Orthogonal arrays for computer experiments to assess important inputs

PDF Version Also Available for Download.

Description

The topic of this paper is experiment planning, particularly fractional factorial designs or orthogonal arrays, for computer experiments to assess important inputs. The work presented in the paper is motivated by considering a non-stochastic computer simulation which has many inputs and which can, in a reasonable period of time, be run thousands of times. With many inputs, information that allows focus on a subset of important inputs is valuable. The characterization of 'importance' is expected to follow suggestions in McKay (1995) or McKay, et al. (1992). This analysis approach leads to considering factorial experiment designs. Inputs are associated with a ... continued below

Physical Description

9 p.

Creation Information

Moore, L. M. (Leslie M.) & McKay, Michael D. January 1, 2002.

Context

This article is part of the collection entitled: Office of Scientific & Technical Information Technical Reports and was provided by UNT Libraries Government Documents Department to Digital Library, a digital repository hosted by the UNT Libraries. More information about this article can be viewed below.

Who

People and organizations associated with either the creation of this article or its content.

Provided By

UNT Libraries Government Documents Department

Serving as both a federal and a state depository library, the UNT Libraries Government Documents Department maintains millions of items in a variety of formats. The department is a member of the FDLP Content Partnerships Program and an Affiliated Archive of the National Archives.

Contact Us

What

Descriptive information to help identify this article. Follow the links below to find similar items on the Digital Library.

Description

The topic of this paper is experiment planning, particularly fractional factorial designs or orthogonal arrays, for computer experiments to assess important inputs. The work presented in the paper is motivated by considering a non-stochastic computer simulation which has many inputs and which can, in a reasonable period of time, be run thousands of times. With many inputs, information that allows focus on a subset of important inputs is valuable. The characterization of 'importance' is expected to follow suggestions in McKay (1995) or McKay, et al. (1992). This analysis approach leads to considering factorial experiment designs. Inputs are associated with a finite number of discrete values, referred to as levels, so if each input has K levels and there are p inputs then there are K{sup P} possible distinct runs which constitute the K{sup P} factorial design space. The suggested size of p has been 35 to 50 so that even with K=2 the complete 2{sup P} factorial design space would not be run. Further, it is expected that the complexity of the simulation code and discrete levels possibly associated with equi-probable intervals from the input distribution make it desirable to consider more than 2 level inputs. Inputs levels of 5 and 7 have been investigated. In this paper, orthogonal array experiment designs, which are subsets of factorial designs also referred to as fractional factorial designs, are suggested as candidate experiments which provide meaningful basis for calculating and comparing R{sup 2} across subsets of inputs.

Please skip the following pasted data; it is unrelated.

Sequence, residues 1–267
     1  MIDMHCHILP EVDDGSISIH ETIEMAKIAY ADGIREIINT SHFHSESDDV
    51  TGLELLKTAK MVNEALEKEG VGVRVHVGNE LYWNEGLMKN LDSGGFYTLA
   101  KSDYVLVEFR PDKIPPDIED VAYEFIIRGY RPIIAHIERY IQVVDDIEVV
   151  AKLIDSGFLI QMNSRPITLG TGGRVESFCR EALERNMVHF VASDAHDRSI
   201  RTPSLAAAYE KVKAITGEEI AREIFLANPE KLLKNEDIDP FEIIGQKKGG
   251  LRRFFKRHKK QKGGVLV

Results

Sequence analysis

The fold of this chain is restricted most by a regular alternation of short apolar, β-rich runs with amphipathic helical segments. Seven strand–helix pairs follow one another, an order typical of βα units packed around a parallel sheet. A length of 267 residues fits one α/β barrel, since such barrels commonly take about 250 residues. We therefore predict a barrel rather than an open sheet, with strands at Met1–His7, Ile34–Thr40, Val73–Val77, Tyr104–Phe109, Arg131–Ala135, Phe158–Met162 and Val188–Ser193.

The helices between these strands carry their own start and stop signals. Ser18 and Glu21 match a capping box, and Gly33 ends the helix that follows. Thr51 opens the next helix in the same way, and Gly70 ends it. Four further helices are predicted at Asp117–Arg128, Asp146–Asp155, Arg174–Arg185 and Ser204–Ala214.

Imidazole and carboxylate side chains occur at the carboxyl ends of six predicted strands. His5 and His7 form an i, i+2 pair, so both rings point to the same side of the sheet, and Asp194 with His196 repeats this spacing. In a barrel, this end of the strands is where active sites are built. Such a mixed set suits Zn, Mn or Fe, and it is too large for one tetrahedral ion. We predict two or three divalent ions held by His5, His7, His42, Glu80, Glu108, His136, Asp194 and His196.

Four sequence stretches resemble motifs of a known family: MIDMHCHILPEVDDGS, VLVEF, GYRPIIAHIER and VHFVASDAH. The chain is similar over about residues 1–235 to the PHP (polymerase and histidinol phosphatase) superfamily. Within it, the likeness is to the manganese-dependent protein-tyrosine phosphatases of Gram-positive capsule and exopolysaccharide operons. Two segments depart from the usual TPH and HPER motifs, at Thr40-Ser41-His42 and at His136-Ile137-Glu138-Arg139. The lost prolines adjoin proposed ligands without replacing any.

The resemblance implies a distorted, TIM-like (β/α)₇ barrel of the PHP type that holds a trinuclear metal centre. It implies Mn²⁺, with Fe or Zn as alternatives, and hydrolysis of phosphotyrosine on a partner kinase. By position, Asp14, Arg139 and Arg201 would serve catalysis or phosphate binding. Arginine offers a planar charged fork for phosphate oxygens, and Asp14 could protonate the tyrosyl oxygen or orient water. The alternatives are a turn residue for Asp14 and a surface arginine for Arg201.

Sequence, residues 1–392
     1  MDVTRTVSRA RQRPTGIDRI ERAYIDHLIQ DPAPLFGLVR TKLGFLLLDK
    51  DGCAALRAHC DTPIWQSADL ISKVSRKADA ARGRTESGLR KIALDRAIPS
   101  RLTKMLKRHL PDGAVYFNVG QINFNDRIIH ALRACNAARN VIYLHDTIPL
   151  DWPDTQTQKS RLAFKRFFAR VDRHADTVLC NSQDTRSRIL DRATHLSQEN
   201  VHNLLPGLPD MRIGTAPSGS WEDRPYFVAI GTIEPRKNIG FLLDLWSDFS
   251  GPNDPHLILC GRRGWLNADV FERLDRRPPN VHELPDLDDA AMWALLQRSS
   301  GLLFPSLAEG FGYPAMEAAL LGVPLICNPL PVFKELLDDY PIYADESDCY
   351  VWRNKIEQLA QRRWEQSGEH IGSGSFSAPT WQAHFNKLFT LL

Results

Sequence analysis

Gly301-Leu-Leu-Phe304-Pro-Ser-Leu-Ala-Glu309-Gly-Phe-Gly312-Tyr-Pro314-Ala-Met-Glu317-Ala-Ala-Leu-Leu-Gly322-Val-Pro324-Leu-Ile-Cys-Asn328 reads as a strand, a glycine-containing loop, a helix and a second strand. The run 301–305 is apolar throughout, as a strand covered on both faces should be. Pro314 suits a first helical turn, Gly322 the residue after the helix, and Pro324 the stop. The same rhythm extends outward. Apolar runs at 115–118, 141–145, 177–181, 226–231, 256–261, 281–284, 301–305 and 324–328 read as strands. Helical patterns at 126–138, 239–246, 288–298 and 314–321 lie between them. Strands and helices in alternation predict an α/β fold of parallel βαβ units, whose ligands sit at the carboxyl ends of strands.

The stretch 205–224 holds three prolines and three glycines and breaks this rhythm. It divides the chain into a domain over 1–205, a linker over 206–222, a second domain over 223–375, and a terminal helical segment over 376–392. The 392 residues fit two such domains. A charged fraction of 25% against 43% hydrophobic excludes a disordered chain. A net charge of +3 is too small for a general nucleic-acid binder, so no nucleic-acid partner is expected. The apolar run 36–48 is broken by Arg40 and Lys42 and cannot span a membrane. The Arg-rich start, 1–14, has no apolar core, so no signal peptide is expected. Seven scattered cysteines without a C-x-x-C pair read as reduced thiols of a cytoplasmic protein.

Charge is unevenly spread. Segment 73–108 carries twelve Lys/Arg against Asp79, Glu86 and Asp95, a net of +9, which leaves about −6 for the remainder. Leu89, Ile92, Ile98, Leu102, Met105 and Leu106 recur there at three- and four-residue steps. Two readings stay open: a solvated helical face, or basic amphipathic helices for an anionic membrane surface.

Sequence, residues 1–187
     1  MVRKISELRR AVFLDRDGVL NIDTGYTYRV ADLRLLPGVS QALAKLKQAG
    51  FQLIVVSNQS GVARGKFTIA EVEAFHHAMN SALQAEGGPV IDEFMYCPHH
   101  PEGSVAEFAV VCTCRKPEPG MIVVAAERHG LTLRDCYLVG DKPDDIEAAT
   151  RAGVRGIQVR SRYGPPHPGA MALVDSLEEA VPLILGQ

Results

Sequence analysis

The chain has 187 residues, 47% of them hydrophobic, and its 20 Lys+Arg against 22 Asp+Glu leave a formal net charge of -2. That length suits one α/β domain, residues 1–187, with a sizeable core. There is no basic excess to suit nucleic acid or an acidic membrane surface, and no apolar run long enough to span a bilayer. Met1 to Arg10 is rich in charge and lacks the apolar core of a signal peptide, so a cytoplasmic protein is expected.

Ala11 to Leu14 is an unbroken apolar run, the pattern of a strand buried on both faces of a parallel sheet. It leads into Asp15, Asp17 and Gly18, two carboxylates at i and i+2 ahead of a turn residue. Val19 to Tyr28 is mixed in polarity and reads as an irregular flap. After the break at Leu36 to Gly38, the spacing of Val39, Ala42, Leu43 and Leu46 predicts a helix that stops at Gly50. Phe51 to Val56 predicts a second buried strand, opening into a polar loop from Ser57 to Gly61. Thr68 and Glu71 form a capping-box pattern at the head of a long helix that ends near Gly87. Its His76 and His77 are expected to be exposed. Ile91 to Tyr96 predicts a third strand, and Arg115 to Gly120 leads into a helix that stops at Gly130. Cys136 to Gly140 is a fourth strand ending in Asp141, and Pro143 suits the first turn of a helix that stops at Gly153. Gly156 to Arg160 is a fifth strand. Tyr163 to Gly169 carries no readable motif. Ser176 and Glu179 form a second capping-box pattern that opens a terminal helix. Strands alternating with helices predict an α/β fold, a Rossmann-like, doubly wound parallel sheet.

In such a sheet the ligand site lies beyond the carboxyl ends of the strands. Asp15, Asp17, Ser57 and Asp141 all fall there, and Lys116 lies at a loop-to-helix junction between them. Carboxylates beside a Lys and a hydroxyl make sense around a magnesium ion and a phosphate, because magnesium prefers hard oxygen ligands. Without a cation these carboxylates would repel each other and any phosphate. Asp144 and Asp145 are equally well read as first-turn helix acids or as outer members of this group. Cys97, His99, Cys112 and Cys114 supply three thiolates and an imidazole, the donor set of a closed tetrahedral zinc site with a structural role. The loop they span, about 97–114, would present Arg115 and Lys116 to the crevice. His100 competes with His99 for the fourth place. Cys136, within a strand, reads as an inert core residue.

Physical Description

9 p.

Source

  • Submitted to: 6th International Conference on Probabilistic Safety Assessment and Management, Puerto Rico

Language

Item Type

Identifier

Unique identifying numbers for this article in the Digital Library or other systems.

  • Report No.: LA-UR-02-1434
  • Grant Number: none
  • Office of Scientific & Technical Information Report Number: 976110
  • Archival Resource Key: ark:/67531/metadc926541

Collections

This article is part of the following collection of related materials.

Office of Scientific & Technical Information Technical Reports

Reports, articles and other documents harvested from the Office of Scientific and Technical Information.

Office of Scientific and Technical Information (OSTI) is the Department of Energy (DOE) office that collects, preserves, and disseminates DOE-sponsored research and development (R&D) results that are the outcomes of R&D projects or other funded activities at DOE labs and facilities nationwide and grantees at universities and other institutions.

What responsibilities do I have when using this article?

When

Dates and time periods associated with this article.

Creation Date

  • January 1, 2002

Added to The UNT Digital Library

  • Nov. 13, 2016, 7:26 p.m.

Description Last Updated

  • Dec. 12, 2016, 12:38 p.m.

Usage Statistics

When was this article last used?

Yesterday: 0
Past 30 days: 0
Total Uses: 1

Interact With This Article

Here are some suggestions for what to do next.

Start Reading

PDF Version Also Available for Download.

International Image Interoperability Framework

IIF Logo

We support the IIIF Presentation API

Moore, L. M. (Leslie M.) & McKay, Michael D. Orthogonal arrays for computer experiments to assess important inputs, article, January 1, 2002; United States. (digital.library.unt.edu/ark:/67531/metadc926541/: accessed June 17, 2018), University of North Texas Libraries, Digital Library, digital.library.unt.edu; crediting UNT Libraries Government Documents Department.